Transport and parking are two of the hottest issues with which the inhabitants and visitors of Bratislava deal with. While it was high on the agenda of the previous Bratislava mayor Ivo Nesrovnal, even two years was not enough for him and his team to put the unified parking policy, adopted in late 2016, into action. The recently elected Mayor Matúš Vallo is planning the launch of the city-wide parking policy in first city zones during the first half of 2020.
Bratislava city council has already organised two meetings with experts on the topic. It will use its results to up-date the concepts of the new parking policy. Negotiations with city council deputies and the mayors of the individual boroughs should have started this week.
“We consider it proper to firstly inform the deputies and mayors,” said Peter Bubla, spokesperson for Bratislava city council, as cited by the TASR newswire, adding that for a successful launch it is necessary to also secure an information and payment system. “Of course, afterwards we will present it to others.”Bratislava to finally unify parking policy Read more
Bratislava city council is also already preparing documents for the related public procurement. It also wants to improve and make more effective the supervision of parking by the municipal police.
“With respect to this we will assume the launch of the parking policy in the first zones of Bratislava during the first half of 2020,” said Bubla.
Jozef Uhler, head of the city’s traffic commission and Mayor of Jarovce explained that the city council is preparing the parking policy as city-wide, centrally organised by the city council. He expects that the process of the preparation of rules and the related generally binding regulation (VZN) will be completed in September 2019 at the latest.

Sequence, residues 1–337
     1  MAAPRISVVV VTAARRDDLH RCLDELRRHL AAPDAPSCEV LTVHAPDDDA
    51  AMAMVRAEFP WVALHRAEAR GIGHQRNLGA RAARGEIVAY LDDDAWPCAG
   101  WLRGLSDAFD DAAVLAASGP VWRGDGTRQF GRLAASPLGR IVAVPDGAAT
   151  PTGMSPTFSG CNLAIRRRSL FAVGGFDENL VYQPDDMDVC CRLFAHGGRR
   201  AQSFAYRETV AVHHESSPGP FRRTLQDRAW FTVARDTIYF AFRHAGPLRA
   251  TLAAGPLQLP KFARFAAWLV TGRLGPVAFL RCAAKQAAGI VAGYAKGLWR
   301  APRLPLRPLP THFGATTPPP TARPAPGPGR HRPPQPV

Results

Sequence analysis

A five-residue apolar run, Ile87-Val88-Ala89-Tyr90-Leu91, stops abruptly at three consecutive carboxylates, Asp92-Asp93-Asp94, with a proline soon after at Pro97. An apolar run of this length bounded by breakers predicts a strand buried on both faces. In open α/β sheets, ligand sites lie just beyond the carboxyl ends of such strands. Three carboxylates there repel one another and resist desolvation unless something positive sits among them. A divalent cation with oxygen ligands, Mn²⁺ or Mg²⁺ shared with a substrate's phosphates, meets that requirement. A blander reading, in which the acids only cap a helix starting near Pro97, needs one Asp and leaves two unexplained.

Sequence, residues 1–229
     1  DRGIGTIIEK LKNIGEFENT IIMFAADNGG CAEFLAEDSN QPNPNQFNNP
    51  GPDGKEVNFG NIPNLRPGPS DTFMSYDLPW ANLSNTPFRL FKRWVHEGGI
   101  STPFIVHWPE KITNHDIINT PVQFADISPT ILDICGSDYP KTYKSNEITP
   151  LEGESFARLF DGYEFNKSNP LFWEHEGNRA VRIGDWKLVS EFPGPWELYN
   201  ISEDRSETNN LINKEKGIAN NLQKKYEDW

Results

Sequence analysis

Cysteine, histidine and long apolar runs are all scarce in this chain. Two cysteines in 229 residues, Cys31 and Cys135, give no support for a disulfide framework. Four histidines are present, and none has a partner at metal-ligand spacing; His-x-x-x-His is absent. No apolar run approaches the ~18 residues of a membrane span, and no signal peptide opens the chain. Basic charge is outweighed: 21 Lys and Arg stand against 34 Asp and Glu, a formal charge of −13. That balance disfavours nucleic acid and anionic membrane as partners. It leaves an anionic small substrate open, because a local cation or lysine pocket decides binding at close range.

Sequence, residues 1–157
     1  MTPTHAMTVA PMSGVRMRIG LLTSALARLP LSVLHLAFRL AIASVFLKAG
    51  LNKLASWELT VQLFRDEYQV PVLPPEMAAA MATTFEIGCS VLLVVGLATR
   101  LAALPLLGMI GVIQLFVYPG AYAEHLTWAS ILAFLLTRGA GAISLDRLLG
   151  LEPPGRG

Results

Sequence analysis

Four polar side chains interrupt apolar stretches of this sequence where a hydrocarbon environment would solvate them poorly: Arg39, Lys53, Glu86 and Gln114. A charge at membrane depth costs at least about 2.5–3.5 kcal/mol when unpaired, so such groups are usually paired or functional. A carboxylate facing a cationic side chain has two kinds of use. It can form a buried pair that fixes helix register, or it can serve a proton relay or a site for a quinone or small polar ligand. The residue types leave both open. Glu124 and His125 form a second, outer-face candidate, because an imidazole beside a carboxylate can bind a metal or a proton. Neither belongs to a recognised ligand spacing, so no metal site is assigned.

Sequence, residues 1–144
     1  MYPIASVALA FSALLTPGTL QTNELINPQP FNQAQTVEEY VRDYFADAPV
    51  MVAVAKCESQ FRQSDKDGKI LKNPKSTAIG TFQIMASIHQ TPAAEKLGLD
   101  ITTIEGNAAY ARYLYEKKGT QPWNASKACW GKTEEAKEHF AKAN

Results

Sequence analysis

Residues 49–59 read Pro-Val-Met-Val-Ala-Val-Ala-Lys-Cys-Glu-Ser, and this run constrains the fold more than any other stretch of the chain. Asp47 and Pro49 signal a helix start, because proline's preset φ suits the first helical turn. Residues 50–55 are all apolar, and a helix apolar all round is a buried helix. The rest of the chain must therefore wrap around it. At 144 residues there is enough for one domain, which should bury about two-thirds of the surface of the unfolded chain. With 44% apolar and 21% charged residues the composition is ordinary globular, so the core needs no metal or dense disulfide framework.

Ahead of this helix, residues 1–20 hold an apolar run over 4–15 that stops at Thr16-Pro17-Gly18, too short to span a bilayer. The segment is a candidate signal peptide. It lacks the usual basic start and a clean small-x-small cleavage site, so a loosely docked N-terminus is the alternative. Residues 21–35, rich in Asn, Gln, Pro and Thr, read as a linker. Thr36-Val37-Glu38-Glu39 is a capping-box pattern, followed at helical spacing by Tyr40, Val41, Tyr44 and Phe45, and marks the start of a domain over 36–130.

For now, it looks as if it will not be necessary to adopt a new VZN while the one already adopted can be changed in a more significant way.
Not all the boroughs’ mayors agree that the parking policy should be city-wide and they would prefer that each borough has its own parking policy. Also, the Nové Mesto borough does not agree with the idea of having the first parking card per household cost €300. Vallo and his team proposed this price in his book, Plan Bratislava. This book served as his election programme.
“We do not have the right to ask such a price from Bratislavans,” said Katarína Augustinič, deputy of the Nové Mesto council and member of the city’s traffic commission. “But I’m prepared to start negotiating at any time.”
The currently valid regulation on parking from December 2016 has not been put into practice yet. Mayor Vallo said in January that he does not want to sweep it completely from the table, but he refuses to continue with the idea that each borough should create its own parking regulations. Instead he wants to launch a united parking policy for the whole of Bratislava.